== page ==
Whatever option for a Bitcoin wallet you choose, keep in mind its ease of use and security. Software wallets are prone to hacking attacks, and physical wallets are best used for long-term storage and one-off transactions.
If you want to start buying, mining, or selling Bitcoin, the first thing you need is a Bitcoin wallet. Even if you’re not involved in the world of cryptocurrency trade, you might have already heard of the term and have a vague understanding of how it works. However, you might not know about all the options and how they differ from one another.
Let’s take a deeper look into Bitcoin wallets and find out which one would work best for you.
The Basics: What Does a Bitcoin Wallet Do?
A Bitcoin wallet is your means of identification and transaction security. Each wallet will have a unique private key when you first open the account associated with the wallet. Usually called a seed, the wallet will use the private key for Bitcoin exchanges, and only you will have access to it. Additionally, the wallet generates a public key, also known as an address, allowing it to send and receive Bitcoin to other wallets.
When you want to send Bitcoin to another user, for example, the wallet will combine your private key with the recipient’s public key. This allows the blockchain structure behind Bitcoin operation to have authentication and confirmation of the transaction, as all cryptocurrency connects to their respective public keys.
Since your Bitcoin wallet stores your private and public keys, it also holds your Bitcoin, much like a regular wallet does with currency.
Types of Bitcoin Wallets
Considering a Bitcoin wallet is used to store one of the most valuable cryptocurrencies globally, there have been many developments and ways to increase both security and accessibility to wallets depending on how users want to use Bitcoin.
Some of the most common and secure wallets that allow regular Bitcoin transactions are desktop wallets. These are installed on your PC and store all the necessary information inside your hard drive. They don’t rely on third-party data and use better encryption methods to save the files securely on the PC. The main benefit of desktop wallets is that they’re still connected to the internet (depending, of course, on your PC’s connection), and you can conduct Bitcoin transactions, making them perfect for users that trade small amounts of Bitcoin regularly.
Web-based wallets, as their name suggests, store all your data and keys on a third-party (usually the operator’s) server. The main benefit of web wallets is increased accessibility, as they can be connected to either a PC or a mobile device to conduct Bitcoin transactions. However, you’re storing all your information, and Bitcoin, on someone else’s computer, so there is noticeable downshift in security compared to mobile and PC wallets. If you plan on using web wallets, do your research thoroughly to ensure that the company can be trusted with your data (and money).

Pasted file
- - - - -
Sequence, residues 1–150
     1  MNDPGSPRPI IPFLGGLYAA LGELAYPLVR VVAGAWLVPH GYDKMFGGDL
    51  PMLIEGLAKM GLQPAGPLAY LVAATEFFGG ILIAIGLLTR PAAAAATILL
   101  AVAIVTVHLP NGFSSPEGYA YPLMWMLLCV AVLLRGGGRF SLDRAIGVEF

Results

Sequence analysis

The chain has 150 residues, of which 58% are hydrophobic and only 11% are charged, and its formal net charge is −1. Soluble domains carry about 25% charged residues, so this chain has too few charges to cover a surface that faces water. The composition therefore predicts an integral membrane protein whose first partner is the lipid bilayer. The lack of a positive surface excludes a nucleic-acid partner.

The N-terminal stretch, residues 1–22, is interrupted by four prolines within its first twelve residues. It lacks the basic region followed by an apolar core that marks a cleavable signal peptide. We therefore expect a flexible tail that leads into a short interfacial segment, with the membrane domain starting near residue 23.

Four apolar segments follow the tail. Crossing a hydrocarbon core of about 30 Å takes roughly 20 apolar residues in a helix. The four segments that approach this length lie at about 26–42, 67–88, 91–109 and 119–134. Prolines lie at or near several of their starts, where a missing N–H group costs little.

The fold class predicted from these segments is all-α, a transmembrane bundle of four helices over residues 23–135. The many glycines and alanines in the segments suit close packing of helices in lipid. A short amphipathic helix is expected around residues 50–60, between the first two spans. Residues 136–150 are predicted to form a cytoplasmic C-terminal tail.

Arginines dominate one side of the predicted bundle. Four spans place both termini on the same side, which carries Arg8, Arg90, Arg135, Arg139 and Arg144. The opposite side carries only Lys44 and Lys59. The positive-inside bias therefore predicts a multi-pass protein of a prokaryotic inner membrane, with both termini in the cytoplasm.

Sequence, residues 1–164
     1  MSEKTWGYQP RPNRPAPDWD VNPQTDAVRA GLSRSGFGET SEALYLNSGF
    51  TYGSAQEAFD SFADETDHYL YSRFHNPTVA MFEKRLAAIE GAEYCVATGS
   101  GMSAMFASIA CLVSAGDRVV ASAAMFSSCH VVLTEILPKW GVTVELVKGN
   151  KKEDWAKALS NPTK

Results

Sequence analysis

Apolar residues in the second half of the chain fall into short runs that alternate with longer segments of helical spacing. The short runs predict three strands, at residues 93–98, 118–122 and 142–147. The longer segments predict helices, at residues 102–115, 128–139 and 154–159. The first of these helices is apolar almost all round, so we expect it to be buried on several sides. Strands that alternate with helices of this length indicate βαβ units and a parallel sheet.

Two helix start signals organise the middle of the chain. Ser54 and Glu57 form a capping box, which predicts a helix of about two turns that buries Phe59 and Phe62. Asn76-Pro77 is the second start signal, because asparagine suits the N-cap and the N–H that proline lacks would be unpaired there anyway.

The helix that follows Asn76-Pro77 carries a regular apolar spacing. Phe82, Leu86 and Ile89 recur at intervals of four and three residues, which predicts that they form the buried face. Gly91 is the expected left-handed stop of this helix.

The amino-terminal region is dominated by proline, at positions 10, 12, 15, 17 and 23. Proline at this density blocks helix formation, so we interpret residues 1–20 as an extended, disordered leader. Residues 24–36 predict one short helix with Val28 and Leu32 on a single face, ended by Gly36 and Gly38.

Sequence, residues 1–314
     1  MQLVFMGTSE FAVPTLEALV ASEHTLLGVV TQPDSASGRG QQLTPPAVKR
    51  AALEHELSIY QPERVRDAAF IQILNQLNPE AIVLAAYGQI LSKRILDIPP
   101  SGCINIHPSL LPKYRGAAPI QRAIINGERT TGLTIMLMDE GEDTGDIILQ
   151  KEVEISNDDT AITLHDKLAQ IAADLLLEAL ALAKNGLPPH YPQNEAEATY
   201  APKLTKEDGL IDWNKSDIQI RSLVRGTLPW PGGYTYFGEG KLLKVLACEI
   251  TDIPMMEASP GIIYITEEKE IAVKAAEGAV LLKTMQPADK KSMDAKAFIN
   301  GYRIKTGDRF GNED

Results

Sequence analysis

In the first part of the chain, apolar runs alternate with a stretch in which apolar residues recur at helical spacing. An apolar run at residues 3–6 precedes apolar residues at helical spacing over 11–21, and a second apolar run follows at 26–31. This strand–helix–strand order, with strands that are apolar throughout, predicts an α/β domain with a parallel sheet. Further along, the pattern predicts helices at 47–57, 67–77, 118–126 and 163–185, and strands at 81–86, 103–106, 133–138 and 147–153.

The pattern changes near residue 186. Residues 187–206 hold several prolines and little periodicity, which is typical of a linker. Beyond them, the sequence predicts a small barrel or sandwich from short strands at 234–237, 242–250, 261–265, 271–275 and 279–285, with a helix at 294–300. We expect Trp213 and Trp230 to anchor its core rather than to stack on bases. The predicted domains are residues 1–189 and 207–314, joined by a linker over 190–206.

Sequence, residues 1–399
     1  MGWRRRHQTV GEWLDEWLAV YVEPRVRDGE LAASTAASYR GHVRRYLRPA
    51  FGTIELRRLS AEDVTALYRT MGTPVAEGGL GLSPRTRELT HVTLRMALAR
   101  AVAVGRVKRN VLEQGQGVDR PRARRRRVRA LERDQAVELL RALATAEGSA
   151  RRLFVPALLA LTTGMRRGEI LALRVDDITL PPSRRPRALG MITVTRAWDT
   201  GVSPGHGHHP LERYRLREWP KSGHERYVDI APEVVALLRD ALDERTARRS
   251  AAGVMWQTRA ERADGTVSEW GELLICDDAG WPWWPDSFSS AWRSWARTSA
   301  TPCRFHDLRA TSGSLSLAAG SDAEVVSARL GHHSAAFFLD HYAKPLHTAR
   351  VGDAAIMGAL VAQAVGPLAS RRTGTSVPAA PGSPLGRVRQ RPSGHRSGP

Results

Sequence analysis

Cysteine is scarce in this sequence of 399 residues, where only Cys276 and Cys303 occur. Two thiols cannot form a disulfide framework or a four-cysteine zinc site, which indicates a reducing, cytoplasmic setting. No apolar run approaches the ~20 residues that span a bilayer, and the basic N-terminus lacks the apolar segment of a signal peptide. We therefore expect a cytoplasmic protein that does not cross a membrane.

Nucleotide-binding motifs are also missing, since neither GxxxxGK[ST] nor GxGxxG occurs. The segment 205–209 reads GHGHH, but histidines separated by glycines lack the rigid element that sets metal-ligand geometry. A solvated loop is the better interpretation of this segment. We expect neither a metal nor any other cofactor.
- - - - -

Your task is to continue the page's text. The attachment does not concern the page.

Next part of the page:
Like desktop wallets, mobile wallets store information directly on your mobile device. This not only allows you to access Bitcoin directly from your phone but also provides an additional payment method for stores that accept Bitcoins. Mobile wallets usually don’t use the full wallet technology, but work with a smaller subset of the blockchain network to ensure authenticity. The near-field communication method also means you don’t need an internet connection for Bitcoin transactions. Most mobile wallet providers work with both iOS and Android devices. The main downside of mobile wallets is reduced security, since phones are more prone to hacker attacks, and losing the phone also means losing access to the Bitcoin wallet. Be careful where you put your phone and refrain from holding large amounts on a mobile wallet.
Unlike software-based wallets mentioned above, a physical wallet is a piece of hardware, usually a card or a coin, with a preloaded amount of Bitcoin. The private key on these wallets is usually sealed on the wallet itself. Since it’s a piece wholly disconnected from the internet, it’s impossible to hack into. However, you can’t do much with the stored Bitcoin other than sitting on it or selling it later. They’re valued as collector pieces or long-term investments, but some countries may consider them counterfeit money due to a lack of Bitcoin regulation, so do your research before ordering one.
Although they could be considered a subtype of physical wallets, users can generate paper wallets and print them on a piece of paper, usually containing QR codes for the keys. Some providers offer more durable paper wallets and provide tamper-proof designs for increased safety. The paper wallet can be a long-term Bitcoin storage, but be mindful of where you put it as it’s still a piece of paper. Laminating it and storing it in a safety box works similarly to keeping (a large amount of) cash. Alternatively, the wallet can be scanned by a phone to extract the Bitcoin inside when needed.
Use a Bitcoin Wallet Wisely
Whatever option for a Bitcoin wallet you choose, keep in mind its ease of use and security. Software wallets are prone to hacking attacks, and physical wallets are best used for long-term storage and one-off transactions. Bitcoin is a valuable piece of currency, even in small amounts, so you need to take every necessary precaution to protect your investment.
Hitesh is a digital marketing strategist and entrepreneur with more than 15 years of experience in digital marketing, start-ups, branding, and customer acquisition strategies. Hitesh is the CEO and Founder of Reposition Group, which specialises in digital growth strategies for companies in the cryptocurrency market such as Bitamp.com